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By Chet A. Creider, Jane Tapsubei Creider

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Extra resources for A grammar of Nandi

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The introduction of a final couplet in the sonnet to summarise the theme or sharpen its concluding point indicates the more logical structure of Wyatt's poems, the injection of a more formal reasoning to modify the yearning other-worldliness of the Petrarchan mode. It forms part of a sharper awareness of reality, and there is often in his poems a lively sense of astonishment, almost of rebellion, when he observes, as though standing outside himself, the change wrought in him by love: What meaneth this?

With all their readiness to adopt the imported fashion for the greater sophistication it afforded in the articulation of emotional experience, temperamentally the English were uncomfortable with the role of disconsolate weeper bewailing his lot and in fact responded more readily in this century to the Stoic philosophy, with its demand for equanimity in the face of misfortune. As a result, in the poems they did produce within the sonneteering mode, they were usually at their best when they resisted a collapse into self-pity, displaying instead a slightly mocking tone, an awareness, as it were, of the absurd condition of inferiority in which they unexpectedly found themselves as lovers and a desire at the very least to restore their dignity by a witty rejoinder to their disdainful mistresses.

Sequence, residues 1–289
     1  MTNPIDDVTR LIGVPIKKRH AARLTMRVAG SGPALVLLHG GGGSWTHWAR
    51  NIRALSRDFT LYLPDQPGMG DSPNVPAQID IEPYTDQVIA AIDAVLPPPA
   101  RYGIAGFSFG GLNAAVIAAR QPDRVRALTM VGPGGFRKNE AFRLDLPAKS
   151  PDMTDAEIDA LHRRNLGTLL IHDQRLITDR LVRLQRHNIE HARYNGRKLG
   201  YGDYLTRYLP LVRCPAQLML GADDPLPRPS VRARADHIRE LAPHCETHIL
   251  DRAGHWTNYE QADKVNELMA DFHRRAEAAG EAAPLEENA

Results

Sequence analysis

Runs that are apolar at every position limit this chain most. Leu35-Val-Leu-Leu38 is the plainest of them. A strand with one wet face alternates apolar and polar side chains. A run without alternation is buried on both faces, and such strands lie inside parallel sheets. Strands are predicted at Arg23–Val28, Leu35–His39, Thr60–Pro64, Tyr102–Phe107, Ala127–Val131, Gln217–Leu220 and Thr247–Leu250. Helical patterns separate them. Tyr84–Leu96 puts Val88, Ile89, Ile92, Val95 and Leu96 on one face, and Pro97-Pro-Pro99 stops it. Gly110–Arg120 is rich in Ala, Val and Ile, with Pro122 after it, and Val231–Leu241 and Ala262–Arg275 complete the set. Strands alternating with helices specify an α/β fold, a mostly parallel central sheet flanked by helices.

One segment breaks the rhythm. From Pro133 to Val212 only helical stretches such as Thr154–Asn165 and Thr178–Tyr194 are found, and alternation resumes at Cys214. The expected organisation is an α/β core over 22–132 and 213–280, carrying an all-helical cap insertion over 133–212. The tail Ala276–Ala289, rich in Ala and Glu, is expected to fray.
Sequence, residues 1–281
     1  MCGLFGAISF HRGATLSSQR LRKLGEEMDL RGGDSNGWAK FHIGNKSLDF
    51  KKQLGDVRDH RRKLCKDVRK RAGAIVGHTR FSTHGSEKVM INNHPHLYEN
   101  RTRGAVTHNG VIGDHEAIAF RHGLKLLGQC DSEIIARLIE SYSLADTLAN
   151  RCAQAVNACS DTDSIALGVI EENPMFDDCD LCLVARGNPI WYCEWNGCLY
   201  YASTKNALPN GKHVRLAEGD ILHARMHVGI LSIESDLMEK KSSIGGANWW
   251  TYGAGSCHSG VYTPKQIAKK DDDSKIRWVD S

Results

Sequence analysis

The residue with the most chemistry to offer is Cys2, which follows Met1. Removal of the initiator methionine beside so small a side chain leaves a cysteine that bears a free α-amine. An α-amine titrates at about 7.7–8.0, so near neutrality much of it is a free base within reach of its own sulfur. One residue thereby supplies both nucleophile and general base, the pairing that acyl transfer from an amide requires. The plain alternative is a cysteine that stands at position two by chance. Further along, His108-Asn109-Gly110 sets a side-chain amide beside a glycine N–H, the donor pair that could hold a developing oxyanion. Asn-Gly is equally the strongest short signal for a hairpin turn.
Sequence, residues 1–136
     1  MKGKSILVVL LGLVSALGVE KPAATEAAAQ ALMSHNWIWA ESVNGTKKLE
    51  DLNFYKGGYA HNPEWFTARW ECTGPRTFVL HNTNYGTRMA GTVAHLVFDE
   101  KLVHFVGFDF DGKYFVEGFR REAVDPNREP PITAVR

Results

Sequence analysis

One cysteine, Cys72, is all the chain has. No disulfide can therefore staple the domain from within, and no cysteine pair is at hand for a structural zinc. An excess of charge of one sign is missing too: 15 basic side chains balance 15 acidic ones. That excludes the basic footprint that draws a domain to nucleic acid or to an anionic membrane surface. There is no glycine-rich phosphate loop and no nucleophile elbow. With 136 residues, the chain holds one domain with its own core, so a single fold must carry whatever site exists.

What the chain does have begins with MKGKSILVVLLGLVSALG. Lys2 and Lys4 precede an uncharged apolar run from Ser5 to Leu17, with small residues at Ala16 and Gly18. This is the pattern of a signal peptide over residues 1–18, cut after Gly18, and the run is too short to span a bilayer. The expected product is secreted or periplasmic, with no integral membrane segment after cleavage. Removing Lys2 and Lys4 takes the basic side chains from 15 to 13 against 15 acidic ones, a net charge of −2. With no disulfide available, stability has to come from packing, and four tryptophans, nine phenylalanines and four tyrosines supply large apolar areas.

Never are the judgements and ways of men like unto the judgements and ways of God, but contrary evermore unless they be taught of him. Similarly, Hugh Latimer, preaching against London, writes: The butterfly gloryeth not in her own deeds, nor prefereth the traditions of men before God's word; it committeth not idolatry nor worshippeth false gods. But London cannot abide to be rebuked, IN SEARCH OF A PROSE STYLE 33 such is the nature of man. If they be pricked, they will kick. If they be rubbed on the gale, they will wince.

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